Wednesday, November 15, 2006

Building an Inclusive Society in Singapore

Indranee Rajah brought up several good points about groups of Singaporeans "not feeling included."

1. Those who drop of school at a young age and find it difficult to integrate into society because they cannot get into skills upgrading courses e.g. courses which require 'O'-levels are not accessible to those without the academic qualification - someone with relevant work skills and experience cannot attend a course which he/she is skilled or experienced in.

Her proposal was to remove this 'O'-level barrier for such courses, and to take into account relevant work experience.

2. Singaporeans (mostly males) with foreign spouses who cannot purchase a flat because the spouse is a foreigner - because policy makes it difficult for them to get a secure roof over their heads. So these Singaporeans find it difficult to settle down and have a family and... make babies.

Solution: Don't disallow them to rent the hdb flats altogether

3. Single unwed mothers who are not allowed to rent HDB flats - an outdated policy. MND does not want to encourage them to have babies out of wedlock.

Solution: Get the mother and child in a stable environment where the child can be educated and where the mother does not have to worry about extraneous circumstances

4. Can only rent if 2 singles above 35 - elderly's friends pass away and they cannot rent flat.

Solution: find rental housing for the elderly - integrate the elderly into the rest of society where there are young people etc.

All solutions proposed by Indranee are good ones, but there are deeper underlying structural problems with society and government that need to be addressed:

A. The first issue brought up about the O-level barrier is symptomatic of a society that has a myopic definition of talent and skills and only recognises academic performance, not practical life skills and other talents which are just as crucial to the functioning of a balanced society as are academic skills. In fact, given that the education system mostly focuses on dumb memorisation and rote learning, I would argue that those who have dropped out of school and have acquired real work experience and skills e.g. mechanics, cooks etc. have made better use of their time outside the education system than within it.

The focus on academic skills is simply too narrow minded and fails to take into take account multiple intelligences (musical, artistic, athletic, technical etc.) that make up a diverse humanity and that can contribute to the building of a richer society than a unidimensional one that is absurdly skewed towards 'scholars.'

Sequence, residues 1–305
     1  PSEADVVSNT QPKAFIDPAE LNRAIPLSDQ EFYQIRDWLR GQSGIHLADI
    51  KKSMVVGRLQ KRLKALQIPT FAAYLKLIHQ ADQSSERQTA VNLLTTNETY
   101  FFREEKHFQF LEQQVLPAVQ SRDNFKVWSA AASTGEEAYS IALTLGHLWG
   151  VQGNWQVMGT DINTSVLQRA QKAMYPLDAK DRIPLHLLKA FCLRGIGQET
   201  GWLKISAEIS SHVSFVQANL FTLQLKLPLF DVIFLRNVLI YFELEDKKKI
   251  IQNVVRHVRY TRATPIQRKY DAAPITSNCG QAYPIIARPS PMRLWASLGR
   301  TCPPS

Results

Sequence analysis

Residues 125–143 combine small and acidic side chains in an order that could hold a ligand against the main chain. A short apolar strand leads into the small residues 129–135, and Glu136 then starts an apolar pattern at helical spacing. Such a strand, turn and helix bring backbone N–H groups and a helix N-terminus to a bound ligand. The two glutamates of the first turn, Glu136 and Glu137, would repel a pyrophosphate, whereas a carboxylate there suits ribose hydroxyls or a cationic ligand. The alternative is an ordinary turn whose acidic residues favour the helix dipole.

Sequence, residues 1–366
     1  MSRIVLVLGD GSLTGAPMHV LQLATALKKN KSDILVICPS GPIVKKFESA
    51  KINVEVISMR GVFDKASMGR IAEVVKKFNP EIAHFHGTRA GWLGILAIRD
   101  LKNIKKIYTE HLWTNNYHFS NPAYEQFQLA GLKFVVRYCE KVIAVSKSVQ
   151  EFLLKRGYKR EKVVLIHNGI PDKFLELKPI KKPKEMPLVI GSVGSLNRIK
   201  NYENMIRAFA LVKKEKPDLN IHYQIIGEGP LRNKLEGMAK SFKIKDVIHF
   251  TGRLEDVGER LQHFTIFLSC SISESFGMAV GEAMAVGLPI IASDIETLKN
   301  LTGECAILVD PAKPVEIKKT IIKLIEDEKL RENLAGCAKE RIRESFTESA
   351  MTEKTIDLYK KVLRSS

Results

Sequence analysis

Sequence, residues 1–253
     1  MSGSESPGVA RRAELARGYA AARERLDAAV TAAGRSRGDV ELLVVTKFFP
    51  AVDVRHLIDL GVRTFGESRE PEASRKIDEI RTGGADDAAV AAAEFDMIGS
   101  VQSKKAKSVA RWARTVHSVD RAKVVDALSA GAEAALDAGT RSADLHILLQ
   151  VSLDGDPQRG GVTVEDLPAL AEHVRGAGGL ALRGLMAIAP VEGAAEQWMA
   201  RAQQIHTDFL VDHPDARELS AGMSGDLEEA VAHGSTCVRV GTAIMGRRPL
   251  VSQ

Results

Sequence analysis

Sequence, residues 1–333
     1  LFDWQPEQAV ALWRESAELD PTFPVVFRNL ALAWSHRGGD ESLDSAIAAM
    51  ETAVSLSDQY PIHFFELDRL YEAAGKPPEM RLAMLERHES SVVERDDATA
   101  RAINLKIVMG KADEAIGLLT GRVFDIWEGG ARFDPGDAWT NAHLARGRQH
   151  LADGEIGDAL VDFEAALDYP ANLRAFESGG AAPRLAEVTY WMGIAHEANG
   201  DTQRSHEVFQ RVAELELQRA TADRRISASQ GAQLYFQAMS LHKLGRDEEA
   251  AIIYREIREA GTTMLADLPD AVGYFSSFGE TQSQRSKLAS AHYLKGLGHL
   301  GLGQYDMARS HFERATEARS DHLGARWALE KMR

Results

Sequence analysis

It is this mindset that permeates the Singaporean psyche that needs to be purged and destroyed - and it is this mindset that is the real problem.

B. Issues 2,3, and 4 are HDB problems, and Indranee's proposed solutions are good, but they are only short term problems that, once again, attack the symptoms, not the underlying problems.

These problems arise because the government has this 'daddy knows best' attitude that is downright condescending, and often, completely wrong. It comes from misguided attitude that the government can socially engineer Singapore society into a utopia without single mothers and where the elderly find friends easily and where singaporeans only marry singaporeans.

What needs to be fixed is this arrogant attitude of the ministers who think they know everything, when in fact they only create more problems in the social fabric of singapore with their dysfunctional policies. Somebody needs to teach these people that the forces of nature are larger and more powerful than them and their arrogant 'philosopher king' attitude should be trashed. Lee Kuan Yew is one person in particular who harbours this attitude and the fastest way to see change in parliament is to kick the bugger out.

A longer term solution is to just abolish these stupid social engineering policies and just let nature take its course. The private sector and a free market can do fine to accomodate single mothers, foreign spouses, and the elderly. It does not need egotistical bureaucrats to mess things up - many of the problems Singapore faces could have been avoided if not for the meddling hand of the government.

All in all the government needs to be weakened and the private sector needs to get stronger. It is time for change to get under way.

And as can clearly be seen, the PAP's vision of a society where 'nobody is left behind' is so flawed, it's almost delusional. these groups of people are just a small number of the numerous groups are being left behind and Lee Hsien Loong had better get cracking on these problems in order to justify his cabinet's multi-million dollar salaries.

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